Fannie Mae and Freddie Mac may be too profitable to shut down just yet, but that hasn’t slowed down bipartisan support for ending the conservatorship. After all, even politicians understand that a $14 trillion mortgage market  can’t survive without private cash.
There are several reasons why creditors should consider lending outside Dodd-Frank’s Qualified Mortgage (QM) rule, a set of stipulations that require creditors to make a “good faith determination” of a consumer’s ability to repay using a completely arbitrary debt-to-income ratio of 43%. Perhaps the noblest reason is that non-QM loan origination is good for the economy and essential for the overall health of the mortgage market. Perhaps the most compelling reason for creditors to re-enter the non-QM space is that the government really want them to originate these loans. Lawmakers just don’t know how to promote it yet.
Creditors also want to enter the non-QM space – a market currently valued at $2 trillion and expected to rise in the next few years – but are concerned about liabilities stemming from Dodd-Frank’s ability-to-repay guidelines (that’s where the 43% rule comes into play). At the same time, governments are eager to wind down the conservatorship and have proposed several policy tools for doing so, including increasing GSE g-fees, cutting down conforming loan limits and introducing a 10% down payment requirement on mortgages insured by Fannie and Freddie. These policy levers came straight from the horse’s mouth and were laid out by Freddie Mac in an investor presentation back in November. This clearly shows that lawmakers see the need for urgency in phasing out one of their biggest GSEs.
While the Obama administration’s window for winding down Fannie and Freddie appears to have closed, House Democrats did introduce new reform measures in 2014 that would break apart and sell the conservatorship. The reason nothing new has come out of Washington is that nobody seems to agree on what to do with Fannie and Freddie. Should they be allowed to recapitalize and become publicly-traded companies or should lawmakers do away with them for good? Whatever the correct answer might be, lawmakers appear to have more pressing concerns at the moment than overhauling the housing finance system. The likes of William Ackman, Carl Icahn, Bruce Berkowitz and Richard Perry would vehemently disagree with that assertion. This so-called Gang of Four is pulling out all of the stops to rescue Fannie and Freddie in order to tap into $33 billion-worth of preferred shares at stake.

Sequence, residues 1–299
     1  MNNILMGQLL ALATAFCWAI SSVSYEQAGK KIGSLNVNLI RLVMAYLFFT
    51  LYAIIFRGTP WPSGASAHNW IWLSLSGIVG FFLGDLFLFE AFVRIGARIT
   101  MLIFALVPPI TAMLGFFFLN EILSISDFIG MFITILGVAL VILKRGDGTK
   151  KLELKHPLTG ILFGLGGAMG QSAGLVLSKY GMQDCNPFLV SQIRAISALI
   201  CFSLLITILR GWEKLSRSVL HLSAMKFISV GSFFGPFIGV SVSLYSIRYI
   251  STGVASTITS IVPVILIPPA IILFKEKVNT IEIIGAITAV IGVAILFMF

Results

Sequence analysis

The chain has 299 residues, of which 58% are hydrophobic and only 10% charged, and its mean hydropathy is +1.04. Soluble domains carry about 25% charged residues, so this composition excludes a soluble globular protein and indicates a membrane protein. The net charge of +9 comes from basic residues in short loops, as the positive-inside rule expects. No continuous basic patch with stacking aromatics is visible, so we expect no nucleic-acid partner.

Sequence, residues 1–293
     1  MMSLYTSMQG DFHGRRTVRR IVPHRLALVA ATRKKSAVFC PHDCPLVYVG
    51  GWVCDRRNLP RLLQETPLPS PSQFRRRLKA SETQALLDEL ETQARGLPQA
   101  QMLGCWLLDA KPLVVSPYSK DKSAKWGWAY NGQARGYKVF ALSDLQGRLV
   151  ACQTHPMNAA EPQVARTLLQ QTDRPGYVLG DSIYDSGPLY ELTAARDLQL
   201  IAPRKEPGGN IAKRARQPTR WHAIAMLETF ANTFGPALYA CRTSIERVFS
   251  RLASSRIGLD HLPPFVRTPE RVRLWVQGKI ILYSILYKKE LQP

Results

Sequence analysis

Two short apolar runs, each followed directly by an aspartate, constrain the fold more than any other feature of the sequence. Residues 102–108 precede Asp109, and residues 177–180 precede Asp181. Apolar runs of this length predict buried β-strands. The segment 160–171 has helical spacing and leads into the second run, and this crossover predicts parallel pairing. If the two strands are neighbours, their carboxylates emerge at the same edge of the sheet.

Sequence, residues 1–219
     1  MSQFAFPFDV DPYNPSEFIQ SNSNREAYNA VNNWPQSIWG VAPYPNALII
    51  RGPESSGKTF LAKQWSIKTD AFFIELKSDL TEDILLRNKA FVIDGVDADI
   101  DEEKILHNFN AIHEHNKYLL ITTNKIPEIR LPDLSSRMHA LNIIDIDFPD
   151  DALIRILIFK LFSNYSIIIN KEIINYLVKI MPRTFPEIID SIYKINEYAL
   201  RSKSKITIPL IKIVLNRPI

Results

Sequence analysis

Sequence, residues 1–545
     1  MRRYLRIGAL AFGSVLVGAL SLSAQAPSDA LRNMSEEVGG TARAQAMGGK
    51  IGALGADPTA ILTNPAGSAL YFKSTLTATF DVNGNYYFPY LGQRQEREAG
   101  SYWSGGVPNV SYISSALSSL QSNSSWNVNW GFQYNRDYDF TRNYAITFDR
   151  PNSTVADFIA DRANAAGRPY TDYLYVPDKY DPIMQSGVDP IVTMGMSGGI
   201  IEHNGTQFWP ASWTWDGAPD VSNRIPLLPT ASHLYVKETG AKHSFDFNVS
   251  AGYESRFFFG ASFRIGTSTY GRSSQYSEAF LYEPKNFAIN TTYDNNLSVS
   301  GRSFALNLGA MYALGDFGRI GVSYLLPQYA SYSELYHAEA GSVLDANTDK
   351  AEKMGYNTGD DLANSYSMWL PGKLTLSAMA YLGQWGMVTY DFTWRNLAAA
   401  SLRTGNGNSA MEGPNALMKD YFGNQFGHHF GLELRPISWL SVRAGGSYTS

Or perhaps the government wants to be repaid several times over for bailing out Fannie and Freddie to the tune of $187.5 billion in 2008. Companies that are considered too big to fail aren’t just going to be shut down or phased out when they’re making money, despite overwhelming market fundamentals indicating that the securitization process should be restarted sooner rather than later. (For starters, don’t count on healthy inflation without non-QM lending.) Besides, if “Jumpstart GSE Reform” – the 2015 amendment headed by Republican Senator Bob Corker – is the best the government can do, perhaps it’s best for Fannie and Freddie to remain in legislative limbo for now. Neither Democrat nor Republican would actually admit to that, but they’re both feasting on the proceeds of the conservatorship as we speak. After all, large dividends checks to the Treasury are good at a time when the nation is sporting a federal debt of about $18 trillion.
The Jumpstart provision called for big structural changes to housing finance reform, including prohibiting the sale of Treasury-owned senior preferred shares in Fannie Mae and Freddie Mac without approval from Congress. 
As it now stands, the GSEs are undercapitalized, which means taxpayers would be left to pick up the mess if Fannie and Freddie are cut loose and forced to fend for themselves in a shaky economy. While both Republicans and Democrats recognize that the best way forward is through reform, investors shouldn’t hold their collective breath that anything transpires anytime soon.
This shouldn’t discourage creditors from entering the non-QM market. Lawmakers on both sides of the political divide are clearly looking for ways to open up the securitization market, but due to a combination of factors haven’t been able to move the agenda forward. It’s hard to believe any major reform will occur in the next six months as the GOP implodes at the sight of Donald Trump winning state after state in the primaries.
For creditors, the risks of non-QM loan originations remain relatively small. Borrowers with high FICO scores making big down payments on residential property hardly constitutes subprime lending, regardless of the 43% rule. And because it’s non-QM, lenders can make more money in the process – up to 250 basis points more according to some estimates. This is a highly attractive and potentially lucrative avenue for creditors looking to boost originations in a market that still contains a lot of soft patches.
 Board of Governors of the Federal Reserve System. Mortgage Debt Outstanding (December 2015).
 Amy Poster (February 11, 2015). “Fannie Mae and Freddie Mac: Wind-down or Reprieve?” Institutional Investor
 United States Senator Bob Corker (December 16, 2015). “Corker, Warner Applaud Inclusion of Jumpstart GSE Reform Provision in Omnibus.”
This article was written exclusively for GoRion.